That emergency power wouldn’t be enough for relative luxuries like cranking up an air conditioner or taking a hot shower. But it could give the networked buildings three or four hours of energy each day, according to Alexander Nadolishny, principal technology expert at the Louis Berger Group, an engineering design firm that is a subconsultant to the Beyond the Grid effort.

Besides residential use, the energy would also play an important role for supermarkets and smaller food stores that require large-scale refrigeration in order to prevent products from spoiling.

“The lesson everyone learned from Sandy is that getting a portable generator for those purposes doesn’t do you any good once you run out of fuel,” said Nadolishny. “That’s why these sources need to be pre-installed and linked up in advance.”

And his group has, to some degree, already proved the superior efficiency of those alternative generators they hope to install. In the days after the 2012 hurricane, The Louis Berger Group brought a hybrid generator to an Occupy Sandy command center in the Rockaways, close to where another organization was powering its own emergency medical center with a traditional fuel generator.

Although their load was basically the same — running around 20 kilowatts of power — the other organization’s generator required $200 worth of fuel per day, while the Louis Berger Group’s hybrid source only needed four gallons of diesel (around $16 worth) for two weeks of use, according to Nadolishny. That kind of efficiency could provide financial benefits to the Beyond the Grid hub buildings, even during nonemergency situations, while also keeping costs down if the micro-grid were activated for extended periods of time.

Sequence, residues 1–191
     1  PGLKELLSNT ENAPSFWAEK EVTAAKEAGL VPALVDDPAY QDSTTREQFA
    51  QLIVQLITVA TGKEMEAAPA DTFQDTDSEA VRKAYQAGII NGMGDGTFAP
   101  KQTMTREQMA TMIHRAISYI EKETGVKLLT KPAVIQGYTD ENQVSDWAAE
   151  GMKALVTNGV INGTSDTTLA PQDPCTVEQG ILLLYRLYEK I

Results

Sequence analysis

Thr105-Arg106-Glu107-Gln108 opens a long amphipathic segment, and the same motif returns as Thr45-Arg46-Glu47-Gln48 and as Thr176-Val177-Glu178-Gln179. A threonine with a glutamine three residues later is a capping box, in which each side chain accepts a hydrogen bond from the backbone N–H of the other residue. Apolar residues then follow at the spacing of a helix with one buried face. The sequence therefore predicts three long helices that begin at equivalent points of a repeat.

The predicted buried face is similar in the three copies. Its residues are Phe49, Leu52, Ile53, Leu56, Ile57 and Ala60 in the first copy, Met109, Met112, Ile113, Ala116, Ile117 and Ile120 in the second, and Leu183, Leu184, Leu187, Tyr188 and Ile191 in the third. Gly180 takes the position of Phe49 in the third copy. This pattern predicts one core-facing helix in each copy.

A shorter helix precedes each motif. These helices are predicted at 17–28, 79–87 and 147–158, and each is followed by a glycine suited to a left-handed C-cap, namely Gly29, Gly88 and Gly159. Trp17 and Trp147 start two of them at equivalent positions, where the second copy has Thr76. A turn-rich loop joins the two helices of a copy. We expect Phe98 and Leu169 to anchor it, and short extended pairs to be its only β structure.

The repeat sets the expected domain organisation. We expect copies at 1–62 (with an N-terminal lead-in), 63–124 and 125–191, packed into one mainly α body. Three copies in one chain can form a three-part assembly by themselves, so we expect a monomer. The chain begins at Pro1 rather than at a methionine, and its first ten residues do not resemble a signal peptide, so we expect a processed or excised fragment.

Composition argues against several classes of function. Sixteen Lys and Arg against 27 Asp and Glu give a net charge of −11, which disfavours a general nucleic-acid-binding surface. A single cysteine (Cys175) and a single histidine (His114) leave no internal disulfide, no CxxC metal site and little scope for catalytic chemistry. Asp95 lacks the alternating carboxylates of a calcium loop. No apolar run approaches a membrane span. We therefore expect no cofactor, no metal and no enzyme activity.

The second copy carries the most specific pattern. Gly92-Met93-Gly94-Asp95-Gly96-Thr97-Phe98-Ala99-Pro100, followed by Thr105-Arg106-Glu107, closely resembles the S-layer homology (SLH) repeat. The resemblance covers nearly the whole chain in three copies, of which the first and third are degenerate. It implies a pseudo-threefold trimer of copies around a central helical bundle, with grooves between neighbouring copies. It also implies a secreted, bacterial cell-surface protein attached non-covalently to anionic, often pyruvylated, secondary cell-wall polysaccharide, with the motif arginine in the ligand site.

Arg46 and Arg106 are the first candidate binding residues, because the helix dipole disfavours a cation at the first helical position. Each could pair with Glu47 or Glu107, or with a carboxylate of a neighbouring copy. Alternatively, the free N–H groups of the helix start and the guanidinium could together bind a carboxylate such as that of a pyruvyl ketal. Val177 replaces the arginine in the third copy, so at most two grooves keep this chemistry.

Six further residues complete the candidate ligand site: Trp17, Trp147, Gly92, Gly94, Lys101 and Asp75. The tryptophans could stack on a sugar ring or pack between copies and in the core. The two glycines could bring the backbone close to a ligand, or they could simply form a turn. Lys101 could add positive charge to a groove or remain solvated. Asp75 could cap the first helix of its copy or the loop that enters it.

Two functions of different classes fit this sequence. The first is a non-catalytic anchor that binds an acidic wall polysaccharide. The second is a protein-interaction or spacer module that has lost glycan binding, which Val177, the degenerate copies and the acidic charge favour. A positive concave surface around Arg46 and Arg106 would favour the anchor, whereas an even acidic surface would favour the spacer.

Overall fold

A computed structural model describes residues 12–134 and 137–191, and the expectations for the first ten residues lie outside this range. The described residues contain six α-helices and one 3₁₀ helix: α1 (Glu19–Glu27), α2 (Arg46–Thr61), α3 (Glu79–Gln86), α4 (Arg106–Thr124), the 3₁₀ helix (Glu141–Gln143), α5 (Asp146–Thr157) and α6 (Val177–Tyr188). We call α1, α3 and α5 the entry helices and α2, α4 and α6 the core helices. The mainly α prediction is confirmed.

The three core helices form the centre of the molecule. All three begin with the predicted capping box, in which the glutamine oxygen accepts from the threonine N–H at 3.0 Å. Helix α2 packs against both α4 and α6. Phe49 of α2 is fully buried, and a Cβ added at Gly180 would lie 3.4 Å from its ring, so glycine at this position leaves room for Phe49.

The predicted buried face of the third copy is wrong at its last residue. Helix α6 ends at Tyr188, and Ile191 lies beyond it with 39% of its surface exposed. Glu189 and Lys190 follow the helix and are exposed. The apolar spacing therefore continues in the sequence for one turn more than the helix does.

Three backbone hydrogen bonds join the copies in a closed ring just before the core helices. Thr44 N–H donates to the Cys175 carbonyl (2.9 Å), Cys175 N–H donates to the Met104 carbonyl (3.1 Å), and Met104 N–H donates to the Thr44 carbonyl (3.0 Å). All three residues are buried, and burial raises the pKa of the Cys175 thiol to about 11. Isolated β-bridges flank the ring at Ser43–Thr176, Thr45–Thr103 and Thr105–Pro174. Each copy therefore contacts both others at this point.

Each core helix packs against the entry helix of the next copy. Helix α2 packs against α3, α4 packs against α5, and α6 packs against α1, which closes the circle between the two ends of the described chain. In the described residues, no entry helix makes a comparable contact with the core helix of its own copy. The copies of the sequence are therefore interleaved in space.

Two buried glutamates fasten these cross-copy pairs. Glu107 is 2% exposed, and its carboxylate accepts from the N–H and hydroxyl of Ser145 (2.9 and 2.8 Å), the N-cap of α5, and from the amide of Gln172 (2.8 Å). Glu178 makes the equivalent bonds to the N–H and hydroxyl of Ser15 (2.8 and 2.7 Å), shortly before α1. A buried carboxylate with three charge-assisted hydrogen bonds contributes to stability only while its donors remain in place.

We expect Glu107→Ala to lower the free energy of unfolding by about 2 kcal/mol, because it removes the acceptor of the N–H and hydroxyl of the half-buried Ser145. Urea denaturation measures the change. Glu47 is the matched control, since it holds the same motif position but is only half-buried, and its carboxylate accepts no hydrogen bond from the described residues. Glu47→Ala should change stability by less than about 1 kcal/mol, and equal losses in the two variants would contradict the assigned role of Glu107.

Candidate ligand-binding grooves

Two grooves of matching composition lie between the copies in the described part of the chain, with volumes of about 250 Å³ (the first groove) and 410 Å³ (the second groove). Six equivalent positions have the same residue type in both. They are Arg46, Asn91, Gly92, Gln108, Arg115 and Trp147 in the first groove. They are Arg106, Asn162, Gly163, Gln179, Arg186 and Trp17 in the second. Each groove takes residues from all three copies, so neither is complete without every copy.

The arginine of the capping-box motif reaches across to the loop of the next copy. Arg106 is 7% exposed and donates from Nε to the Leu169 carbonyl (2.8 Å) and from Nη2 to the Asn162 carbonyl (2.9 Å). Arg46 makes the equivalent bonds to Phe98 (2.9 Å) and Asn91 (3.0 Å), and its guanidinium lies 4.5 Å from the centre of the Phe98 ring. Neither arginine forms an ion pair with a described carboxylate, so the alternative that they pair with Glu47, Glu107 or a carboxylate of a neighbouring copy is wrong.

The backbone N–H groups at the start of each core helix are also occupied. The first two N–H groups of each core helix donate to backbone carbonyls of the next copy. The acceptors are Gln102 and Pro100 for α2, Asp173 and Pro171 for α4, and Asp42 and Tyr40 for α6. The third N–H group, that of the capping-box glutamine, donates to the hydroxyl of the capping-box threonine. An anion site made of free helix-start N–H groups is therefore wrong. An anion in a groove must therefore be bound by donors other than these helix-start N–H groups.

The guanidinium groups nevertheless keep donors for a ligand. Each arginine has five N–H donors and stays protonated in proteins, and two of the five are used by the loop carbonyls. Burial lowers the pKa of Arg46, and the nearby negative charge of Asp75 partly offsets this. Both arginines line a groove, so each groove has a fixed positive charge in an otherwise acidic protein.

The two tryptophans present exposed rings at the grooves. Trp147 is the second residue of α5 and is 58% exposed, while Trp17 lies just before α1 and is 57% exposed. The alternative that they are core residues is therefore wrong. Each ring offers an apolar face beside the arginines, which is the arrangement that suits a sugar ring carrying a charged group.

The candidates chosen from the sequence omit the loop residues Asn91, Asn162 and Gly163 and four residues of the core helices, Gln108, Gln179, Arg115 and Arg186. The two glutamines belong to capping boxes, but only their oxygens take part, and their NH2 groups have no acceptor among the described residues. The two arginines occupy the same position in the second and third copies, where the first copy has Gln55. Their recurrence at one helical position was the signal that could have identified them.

The engineer also touted the micro-grid plan for its ability to empower residents and shop owners, and strengthen community ties. “During Sandy, there were challenges implementing the government response plans partially because they were coming all the way from the top, and local residents didn’t feel any ownership of those strategies,” said Nadolishny. “Beyond the Grid would be important because it’s not coming through government decree, and it’s not coming from some rich investor. It’s done as a community initiative, through a mechanism by which everyone can contribute and then benefit.”

The communications element of Beyond the Grid proposal would then expand on Garrin’s WiFi-NY broadband technology in order to similarly connect the target neighborhoods via Internet. Currently, WiFi-NY service is broadcast through a single transmission tower atop the East Village’s Christodora House, at the corner of E. Ninth St. and Avenue B. To create a stronger and more complete L.E.S./Chinatown network that would serve both residents and businesses, Garrin hopes to build at least two more of those elevated transmission towers — one near the foot of the Manhattan Bridge, by the corner of Rutgers and Cherry Sts., and another on top of the Confucius Plaza housing complex, along Bowery just below Canal St.

As with the energy micro-grid, that resulting local network would be able to operate independently of commercial Internet service, if those providers were to be knocked out after a storm. Residents and businesses could then simply tap into the service via their computers or smartphones, and in kiosks in local businesses, in order to communicate or get important updates from emergency personnel. Cell phones and computers would be recharged and powered through the micro-grid.